I felt hugely inspired to write these songs with the current state of the world in mind. It is largely about division and having seen the results of that before the lessons we have not learned from the past, especially in “End of The War.” “The Kids Don’t Dig God Anymore’ is more about lack of faith of there being some kind of happy spiritual outcome. There usually is, but at this moment, like never before, “they”—whomever “they” may be—have managed to turn people on each other and distracted us from the real issues, which I think is unprecedented. I see this as mainly due to social media and manipulation of people through that medium. It’s new territory, and we have to not let this own us. That’s where the title of the album came from. I believe the large majority of people in the world are genuinely good people, but we have all been owned a little by our media.
You have several UK dates planned this spring, but do you have plans to tour outside the UK, and might we see you in the U.S. at some point?
Yeah, for sure. I’m really looking forward to being out there later in the year. Now that I’m with Thirty Tigers, there will be some shows over there. I love coming over and do travel over a couple of times a year anyway, so either way I’ll be there.
Obviously with American audiences, when we hear “Liverpool” we immediately think of a little quartet that came out of that city 60 years ago. But what can you tell us about Liverpool now? If we came to visit, where would we go and what would we do?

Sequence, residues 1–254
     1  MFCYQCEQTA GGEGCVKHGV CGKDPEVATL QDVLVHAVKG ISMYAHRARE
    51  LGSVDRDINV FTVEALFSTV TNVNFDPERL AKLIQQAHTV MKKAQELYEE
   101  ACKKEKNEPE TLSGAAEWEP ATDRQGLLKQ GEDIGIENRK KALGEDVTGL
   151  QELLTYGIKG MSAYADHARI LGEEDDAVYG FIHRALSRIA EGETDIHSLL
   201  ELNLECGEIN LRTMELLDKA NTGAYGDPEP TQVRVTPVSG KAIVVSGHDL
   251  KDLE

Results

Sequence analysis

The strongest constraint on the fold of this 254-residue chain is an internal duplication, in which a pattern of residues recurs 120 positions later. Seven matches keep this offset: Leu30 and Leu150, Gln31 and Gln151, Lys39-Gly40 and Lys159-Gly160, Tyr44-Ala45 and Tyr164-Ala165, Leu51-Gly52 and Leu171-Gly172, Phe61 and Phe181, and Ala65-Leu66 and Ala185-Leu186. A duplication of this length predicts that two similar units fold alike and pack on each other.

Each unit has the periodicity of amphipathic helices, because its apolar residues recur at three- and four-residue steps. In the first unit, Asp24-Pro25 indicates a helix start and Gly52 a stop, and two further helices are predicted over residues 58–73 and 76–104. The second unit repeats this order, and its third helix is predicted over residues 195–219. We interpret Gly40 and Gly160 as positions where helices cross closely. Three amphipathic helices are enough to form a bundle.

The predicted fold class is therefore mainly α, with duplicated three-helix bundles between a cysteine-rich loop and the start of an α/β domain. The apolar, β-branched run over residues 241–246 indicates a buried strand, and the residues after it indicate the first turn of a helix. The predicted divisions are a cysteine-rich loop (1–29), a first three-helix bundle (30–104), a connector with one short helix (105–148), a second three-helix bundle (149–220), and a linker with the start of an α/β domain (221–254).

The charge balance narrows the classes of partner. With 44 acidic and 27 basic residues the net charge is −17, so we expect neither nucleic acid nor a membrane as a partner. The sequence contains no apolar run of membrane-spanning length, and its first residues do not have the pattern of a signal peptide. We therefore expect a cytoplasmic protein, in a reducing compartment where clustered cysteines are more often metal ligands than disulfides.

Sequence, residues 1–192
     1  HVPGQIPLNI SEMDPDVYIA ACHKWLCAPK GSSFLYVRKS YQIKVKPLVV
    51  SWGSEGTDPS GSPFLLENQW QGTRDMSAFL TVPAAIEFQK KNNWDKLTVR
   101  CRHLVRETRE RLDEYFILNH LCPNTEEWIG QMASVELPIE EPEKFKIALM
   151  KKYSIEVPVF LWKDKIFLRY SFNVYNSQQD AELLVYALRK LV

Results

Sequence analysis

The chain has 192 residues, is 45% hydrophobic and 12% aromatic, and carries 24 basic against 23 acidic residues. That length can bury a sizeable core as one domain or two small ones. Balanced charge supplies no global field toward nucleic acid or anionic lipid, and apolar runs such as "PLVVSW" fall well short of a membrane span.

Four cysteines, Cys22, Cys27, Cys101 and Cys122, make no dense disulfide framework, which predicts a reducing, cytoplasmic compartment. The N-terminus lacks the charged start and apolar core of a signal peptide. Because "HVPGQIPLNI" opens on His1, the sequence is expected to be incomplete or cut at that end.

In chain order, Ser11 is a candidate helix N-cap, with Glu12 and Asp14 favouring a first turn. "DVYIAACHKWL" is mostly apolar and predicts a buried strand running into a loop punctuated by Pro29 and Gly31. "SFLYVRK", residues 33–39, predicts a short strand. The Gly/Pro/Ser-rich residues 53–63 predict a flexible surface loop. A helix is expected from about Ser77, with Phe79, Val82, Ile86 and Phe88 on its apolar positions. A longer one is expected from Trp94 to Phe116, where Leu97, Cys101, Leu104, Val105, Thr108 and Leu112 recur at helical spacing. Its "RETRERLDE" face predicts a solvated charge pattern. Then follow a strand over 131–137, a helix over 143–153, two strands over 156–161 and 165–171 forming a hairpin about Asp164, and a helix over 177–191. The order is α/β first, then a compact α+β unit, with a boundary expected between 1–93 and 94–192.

Liverpool is still a great musical city, and music is the backbone of what happens here. It is a great city with lots of great things to do and see. It’s always worth getting involved with The Beatles pilgrimage and seeing where they grew up.
Alongside the music, it has a great nightlife: bars, restaurants. The arts and museums are also worth checking out. We now have a link with the U.S. as Liverpool FC are now owned by the owners of The Boston Red Sox Fenway Sports Group and have been doing great things for the city. So fingers crossed being a Liverpool FC fan. We are well on track to winning our first league title in 30 years. Although at this moment, I’m not getting too carried away.
View the video for “My Neighbour’s Ghost” from Vincent’s new album here.